The quantity of hardware could also be an issue. Most laptops have 2 or 4 USB ports to plug in hardware. If you need more you can get a USB hub with additional ports; However, there are still some hardware devices that will not work through a USB hub and needs the direct connection to the laptop USB port. A desktop can have 4 to 8 USB ports to plug into. Again a USB hub can be used for more ports or a card can be installed within the desktop for additional ports. If this is a strong consideration, then you will probably need a high end system to push all the power needed for each device.
Security is always an issue in this day and age. The word virus gives a lot of people a case of anxiety. There are several ways to solve this problem and enjoy your computer. The first is to get a good anti-virus and anti-spyware program. There are a lot of free ones out there – some are very good. There are a lot of others that charge (usually yearly) – some are very good. This is a case of either read about them fro sources you trust or rely on other people that you can trust. There will always be someone who will like each one or they would not all be on the market. And do not be fooled; If you have a cable (Comcast, FIOS, Cox, etc.) connection, you are ALWAYS on the Internet whenever the computer is turned on. You do not have to initiate your email, Internet, or any other application to be hacked.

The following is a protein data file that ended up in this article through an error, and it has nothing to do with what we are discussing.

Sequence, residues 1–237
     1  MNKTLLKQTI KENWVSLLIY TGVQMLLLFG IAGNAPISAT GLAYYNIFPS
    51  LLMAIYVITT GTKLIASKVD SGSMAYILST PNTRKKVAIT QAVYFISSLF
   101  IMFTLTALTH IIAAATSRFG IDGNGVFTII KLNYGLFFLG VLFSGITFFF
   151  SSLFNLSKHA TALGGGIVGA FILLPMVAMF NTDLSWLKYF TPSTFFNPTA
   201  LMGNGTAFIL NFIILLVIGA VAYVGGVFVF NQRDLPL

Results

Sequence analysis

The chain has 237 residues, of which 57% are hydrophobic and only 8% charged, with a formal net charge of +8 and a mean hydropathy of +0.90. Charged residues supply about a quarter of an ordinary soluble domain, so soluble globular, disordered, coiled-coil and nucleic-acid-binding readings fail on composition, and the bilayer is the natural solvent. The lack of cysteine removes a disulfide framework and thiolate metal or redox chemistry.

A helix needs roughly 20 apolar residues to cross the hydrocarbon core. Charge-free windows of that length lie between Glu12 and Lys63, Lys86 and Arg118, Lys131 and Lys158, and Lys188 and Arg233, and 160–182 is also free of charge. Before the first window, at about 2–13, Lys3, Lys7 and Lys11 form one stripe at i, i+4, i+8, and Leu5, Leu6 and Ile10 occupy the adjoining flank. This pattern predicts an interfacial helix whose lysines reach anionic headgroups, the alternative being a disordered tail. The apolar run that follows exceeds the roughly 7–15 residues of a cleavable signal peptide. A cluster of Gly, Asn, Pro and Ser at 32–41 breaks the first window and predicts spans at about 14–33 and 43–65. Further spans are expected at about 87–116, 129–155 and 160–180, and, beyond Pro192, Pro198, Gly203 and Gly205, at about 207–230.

Another way to secure yourself from viruses, spyware, malware, root kits, and ID theft is to make sure that you use a LAN or network that you can trust and that has security inside it. Of course, the only way not to be “hit by this bus” is to stay off of computers. But even this is not a good alternative as your bank account, your credit card, and other out-of-home shopping situations are almost all computerized and susceptible to being hacked.